Since finishing the project, Make-A-Wish UK has made some major changes. First, they made some minor modifications to the framework in order to make it easier for their teams to understand. We were delighted to hear about this change, because it’s important that the framework is their own and fits their needs — our version was our best guess, but we expected them to be able to improve upon it.
Second was to embed the framework into their decision-making process — Teams and individuals make use of the framework, which allows the executive team to devolve responsibility to people on the ground. If a proposed change doesn’t satisfy the framework, they explore why they want to do it and if it’s still worth doing.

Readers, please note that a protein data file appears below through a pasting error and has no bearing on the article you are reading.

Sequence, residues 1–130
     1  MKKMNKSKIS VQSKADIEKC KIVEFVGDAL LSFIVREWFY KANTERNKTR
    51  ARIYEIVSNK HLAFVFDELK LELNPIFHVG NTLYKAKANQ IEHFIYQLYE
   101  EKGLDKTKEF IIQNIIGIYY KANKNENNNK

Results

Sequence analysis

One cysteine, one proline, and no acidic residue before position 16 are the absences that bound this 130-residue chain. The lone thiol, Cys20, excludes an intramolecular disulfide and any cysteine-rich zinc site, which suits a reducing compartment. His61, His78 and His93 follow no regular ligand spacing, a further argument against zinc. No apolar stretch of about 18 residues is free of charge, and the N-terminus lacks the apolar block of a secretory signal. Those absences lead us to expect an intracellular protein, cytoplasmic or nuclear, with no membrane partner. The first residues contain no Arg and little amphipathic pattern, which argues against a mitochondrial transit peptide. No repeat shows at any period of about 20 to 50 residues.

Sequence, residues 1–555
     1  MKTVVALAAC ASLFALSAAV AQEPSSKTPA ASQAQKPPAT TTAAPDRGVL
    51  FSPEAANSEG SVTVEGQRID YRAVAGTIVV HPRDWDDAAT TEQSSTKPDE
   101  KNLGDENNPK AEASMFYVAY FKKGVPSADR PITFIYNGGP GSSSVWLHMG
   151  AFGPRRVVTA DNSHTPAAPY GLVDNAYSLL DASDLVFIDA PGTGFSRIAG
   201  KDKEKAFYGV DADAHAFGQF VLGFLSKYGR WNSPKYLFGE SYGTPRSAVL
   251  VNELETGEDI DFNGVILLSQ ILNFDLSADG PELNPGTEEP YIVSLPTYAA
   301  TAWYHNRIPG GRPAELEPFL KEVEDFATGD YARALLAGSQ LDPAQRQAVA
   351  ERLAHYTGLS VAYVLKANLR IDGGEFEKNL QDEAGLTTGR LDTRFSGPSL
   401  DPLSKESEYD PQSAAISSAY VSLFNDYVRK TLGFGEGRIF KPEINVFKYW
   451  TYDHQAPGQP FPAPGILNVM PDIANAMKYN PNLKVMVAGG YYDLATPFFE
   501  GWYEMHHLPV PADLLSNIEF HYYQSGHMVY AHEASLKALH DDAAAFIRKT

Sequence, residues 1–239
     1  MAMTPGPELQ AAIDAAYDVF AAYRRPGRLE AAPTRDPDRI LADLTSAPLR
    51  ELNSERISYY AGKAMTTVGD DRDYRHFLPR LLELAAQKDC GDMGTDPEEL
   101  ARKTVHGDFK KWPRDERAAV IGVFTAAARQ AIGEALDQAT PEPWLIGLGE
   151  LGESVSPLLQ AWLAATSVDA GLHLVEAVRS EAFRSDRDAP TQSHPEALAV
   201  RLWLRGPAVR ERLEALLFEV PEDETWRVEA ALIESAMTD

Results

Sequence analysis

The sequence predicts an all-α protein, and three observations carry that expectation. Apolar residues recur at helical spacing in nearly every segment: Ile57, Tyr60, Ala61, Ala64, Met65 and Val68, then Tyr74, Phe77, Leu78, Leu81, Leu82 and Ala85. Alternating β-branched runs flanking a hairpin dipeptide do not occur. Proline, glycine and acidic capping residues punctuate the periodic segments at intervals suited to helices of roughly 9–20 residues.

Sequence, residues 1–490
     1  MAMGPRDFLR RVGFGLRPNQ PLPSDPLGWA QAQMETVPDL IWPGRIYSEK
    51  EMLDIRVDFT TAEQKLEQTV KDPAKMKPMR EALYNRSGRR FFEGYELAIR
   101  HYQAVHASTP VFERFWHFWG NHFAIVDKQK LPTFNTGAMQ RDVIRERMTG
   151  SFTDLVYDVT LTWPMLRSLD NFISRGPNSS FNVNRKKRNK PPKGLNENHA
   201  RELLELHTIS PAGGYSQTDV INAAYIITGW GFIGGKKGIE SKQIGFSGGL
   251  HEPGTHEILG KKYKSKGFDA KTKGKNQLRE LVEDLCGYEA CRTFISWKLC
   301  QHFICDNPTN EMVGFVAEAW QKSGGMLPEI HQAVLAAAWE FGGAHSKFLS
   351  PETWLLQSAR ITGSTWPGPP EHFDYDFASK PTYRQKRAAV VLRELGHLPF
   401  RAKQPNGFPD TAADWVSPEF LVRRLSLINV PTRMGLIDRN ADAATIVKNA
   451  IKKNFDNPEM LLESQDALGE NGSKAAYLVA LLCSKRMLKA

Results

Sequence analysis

Third has been to tackle waste. We defined waste as ‘anything which takes up time, but doesn’t contribute to wish quality.’ The wish-granting team spent some time going over the wish-granting process, identifying areas of waste, and eliminating them to improve the wishgranting process and experience.
All in all, there’s a lot of exciting work going on, and a lot of what’s happening stems either directly, or indirectly, from the work we did. I feel a lot of pride in that, but more, I feel a lot of pride that we were able to help an organisation that does important work do it better.